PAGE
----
We pulled up to the Pagoda just as the sun was starting to go down, and as soon as my mom saw the insane looking steps required to get to the top, she issued a prompt “hell, no” and decided she was fine watching it from the ground. I was on my own.
Turns out, she was right. The steps were treacherous, and as someone who is very, very afraid of heights I was terrified as I ascended them by myself. Locals — including monks — pushed past me, and it took me 25 minutes to get to the top of the 70-something steps. By the end of it, I was crawling on my hands and knees. When I finally got there, I stayed on my hands and knees because I was too scared to stand up. There were hundreds of people, and I was 100% convinced that I was going to get pushed off and be written up in The Daily Mail as “GIRL FALLS OFF OF ANCIENT RUIN TRYING TO TAKE SELFIES.” Little Burmese girls were pointing, laughing and taking pictures of me while I tried to get photos from my mom’s iPad while posted up on the ground. It wasn’t my most shining moment.
Finally, I manage to crawl over to a quiet corner at the back of the Pagoda and parked myself safely on an inside ledge. As I sat there, alone at the top of this zillion-year-old piece of architecture, I had one of those “holy shit, I’m so grateful” moments. All of a sudden, it really wasn’t about the picture — it was about the moment. There I was, by myself, seeing something that I had dreamed about for so, so long. I thought back to the times I stared at that picture on my desktop in my NYC apartment, trying to figure out WTF I was doing with my life and how I was ever going to find any meaning, and finally felt like I’d found it. I was a little confused about why there were no balloons like there were on my background, but didn’t care that much because I was busy having an epiphany.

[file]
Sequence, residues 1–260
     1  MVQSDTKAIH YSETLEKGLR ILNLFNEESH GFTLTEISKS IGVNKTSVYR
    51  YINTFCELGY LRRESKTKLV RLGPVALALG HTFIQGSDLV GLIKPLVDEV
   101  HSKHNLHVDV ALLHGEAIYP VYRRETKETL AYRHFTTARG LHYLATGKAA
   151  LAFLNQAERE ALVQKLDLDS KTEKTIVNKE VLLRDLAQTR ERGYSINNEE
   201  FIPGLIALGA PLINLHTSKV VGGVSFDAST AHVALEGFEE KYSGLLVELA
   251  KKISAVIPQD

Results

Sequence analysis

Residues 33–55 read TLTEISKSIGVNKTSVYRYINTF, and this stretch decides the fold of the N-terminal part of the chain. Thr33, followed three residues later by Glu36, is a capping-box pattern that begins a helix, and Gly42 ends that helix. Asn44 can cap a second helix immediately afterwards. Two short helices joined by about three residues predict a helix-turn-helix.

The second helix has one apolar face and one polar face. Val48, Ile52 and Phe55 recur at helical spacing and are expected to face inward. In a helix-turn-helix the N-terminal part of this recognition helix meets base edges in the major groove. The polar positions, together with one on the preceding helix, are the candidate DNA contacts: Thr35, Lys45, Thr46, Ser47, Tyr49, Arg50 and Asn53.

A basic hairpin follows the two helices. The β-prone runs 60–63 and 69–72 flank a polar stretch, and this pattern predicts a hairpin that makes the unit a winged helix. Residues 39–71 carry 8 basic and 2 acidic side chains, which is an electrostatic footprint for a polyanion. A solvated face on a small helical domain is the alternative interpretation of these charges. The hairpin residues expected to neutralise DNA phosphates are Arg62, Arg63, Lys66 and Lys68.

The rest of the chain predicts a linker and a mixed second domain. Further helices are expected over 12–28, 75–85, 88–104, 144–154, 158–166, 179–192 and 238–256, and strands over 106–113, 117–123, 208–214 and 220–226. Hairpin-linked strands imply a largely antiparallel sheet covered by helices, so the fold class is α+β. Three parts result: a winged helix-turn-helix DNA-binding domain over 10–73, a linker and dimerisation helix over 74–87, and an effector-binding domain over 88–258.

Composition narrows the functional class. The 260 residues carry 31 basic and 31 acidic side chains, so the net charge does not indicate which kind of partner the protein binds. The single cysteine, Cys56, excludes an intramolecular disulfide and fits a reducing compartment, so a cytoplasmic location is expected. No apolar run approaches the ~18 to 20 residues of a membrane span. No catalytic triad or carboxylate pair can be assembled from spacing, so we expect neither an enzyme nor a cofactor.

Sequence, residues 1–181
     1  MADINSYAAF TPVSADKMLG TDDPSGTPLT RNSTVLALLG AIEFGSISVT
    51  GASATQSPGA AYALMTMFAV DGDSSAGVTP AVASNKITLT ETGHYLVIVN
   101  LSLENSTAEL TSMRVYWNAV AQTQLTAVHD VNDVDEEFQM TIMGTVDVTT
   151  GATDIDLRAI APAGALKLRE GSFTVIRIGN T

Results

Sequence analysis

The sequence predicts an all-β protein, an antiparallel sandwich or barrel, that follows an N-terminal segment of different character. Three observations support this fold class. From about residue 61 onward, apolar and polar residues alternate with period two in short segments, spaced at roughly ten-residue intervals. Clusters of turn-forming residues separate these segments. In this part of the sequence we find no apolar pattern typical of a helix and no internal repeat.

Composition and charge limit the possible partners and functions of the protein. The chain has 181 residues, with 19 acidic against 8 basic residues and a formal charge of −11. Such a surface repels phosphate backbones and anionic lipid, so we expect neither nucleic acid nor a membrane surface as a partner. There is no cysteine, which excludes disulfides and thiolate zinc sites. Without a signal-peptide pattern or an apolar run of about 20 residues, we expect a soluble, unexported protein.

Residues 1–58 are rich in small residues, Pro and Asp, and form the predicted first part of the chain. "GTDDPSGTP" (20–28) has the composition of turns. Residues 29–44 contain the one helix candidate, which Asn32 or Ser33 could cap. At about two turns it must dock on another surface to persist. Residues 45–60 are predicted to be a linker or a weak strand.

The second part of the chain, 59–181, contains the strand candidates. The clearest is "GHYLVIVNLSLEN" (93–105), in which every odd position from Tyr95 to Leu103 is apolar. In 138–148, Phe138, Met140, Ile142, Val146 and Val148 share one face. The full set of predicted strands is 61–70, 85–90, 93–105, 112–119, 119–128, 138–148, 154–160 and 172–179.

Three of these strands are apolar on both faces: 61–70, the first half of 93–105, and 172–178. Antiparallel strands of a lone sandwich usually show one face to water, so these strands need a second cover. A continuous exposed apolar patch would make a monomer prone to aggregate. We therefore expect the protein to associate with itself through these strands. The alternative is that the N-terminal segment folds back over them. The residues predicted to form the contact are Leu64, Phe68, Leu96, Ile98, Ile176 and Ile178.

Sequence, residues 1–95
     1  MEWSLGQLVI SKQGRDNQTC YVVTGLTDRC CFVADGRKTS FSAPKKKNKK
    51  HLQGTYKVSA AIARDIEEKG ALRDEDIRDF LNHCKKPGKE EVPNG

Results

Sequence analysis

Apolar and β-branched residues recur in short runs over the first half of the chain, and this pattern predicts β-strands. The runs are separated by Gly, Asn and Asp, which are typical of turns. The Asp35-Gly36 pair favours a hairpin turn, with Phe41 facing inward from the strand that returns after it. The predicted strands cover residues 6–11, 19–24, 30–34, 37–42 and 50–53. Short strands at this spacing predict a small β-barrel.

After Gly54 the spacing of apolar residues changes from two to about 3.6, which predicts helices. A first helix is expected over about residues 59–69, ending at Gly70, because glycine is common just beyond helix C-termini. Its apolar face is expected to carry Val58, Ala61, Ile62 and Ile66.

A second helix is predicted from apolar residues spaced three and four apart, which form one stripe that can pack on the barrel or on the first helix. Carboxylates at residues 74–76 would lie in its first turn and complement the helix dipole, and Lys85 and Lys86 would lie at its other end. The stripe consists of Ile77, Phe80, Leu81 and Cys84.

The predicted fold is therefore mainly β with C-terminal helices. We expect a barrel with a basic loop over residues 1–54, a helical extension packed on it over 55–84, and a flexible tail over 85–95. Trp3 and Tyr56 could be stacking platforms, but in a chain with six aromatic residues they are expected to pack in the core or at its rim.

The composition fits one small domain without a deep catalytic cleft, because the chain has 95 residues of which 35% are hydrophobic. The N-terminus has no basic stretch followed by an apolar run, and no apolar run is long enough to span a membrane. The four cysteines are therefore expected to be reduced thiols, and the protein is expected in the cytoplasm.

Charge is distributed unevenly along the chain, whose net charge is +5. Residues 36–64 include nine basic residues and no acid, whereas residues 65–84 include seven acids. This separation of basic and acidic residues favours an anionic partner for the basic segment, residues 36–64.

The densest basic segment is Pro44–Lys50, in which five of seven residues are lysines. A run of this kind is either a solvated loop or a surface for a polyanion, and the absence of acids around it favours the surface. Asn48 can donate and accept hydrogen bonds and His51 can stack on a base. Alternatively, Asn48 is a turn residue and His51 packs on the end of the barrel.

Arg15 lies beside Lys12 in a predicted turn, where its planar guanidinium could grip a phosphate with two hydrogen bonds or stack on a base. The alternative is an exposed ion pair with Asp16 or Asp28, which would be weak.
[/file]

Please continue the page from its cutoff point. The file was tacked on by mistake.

It was in that moment that I decided I wanted to dedicate this year to this blog, travel writing and sharing the incredible things that I’m seeing in this world with people willing to read about them. For the last two months, I’ve felt a little bit lost in my work, and not as fulfilled by the same things I was doing before I left New York. I realized how special this experience is (which I’ve known all along, but this time it really hit me hard), and how important it is that I don’t waste a single second of it. Myanmar inspired the hell out of me, which means I’ll be writing for this blog every day (you may have noticed that the verticals are now completely different to reflect this change, and are about much more than just beauty treatments) and I plan to pour my blood, sweat, and tears into growing myself as a travel journalist. Thank God I survived the hands-and-knees trek back down the stairs to live to tell the story.
Also, as it turns out… The picture on my computer background was apparently taken at sunrise, when the balloons launch over the ruins. Whoops.
… This photo was taken the next morning, when I dragged my mom out of bed at 5am to watch the balloons launch from the viewing tower at the Aureum Palace. Thankfully, it had an elevator.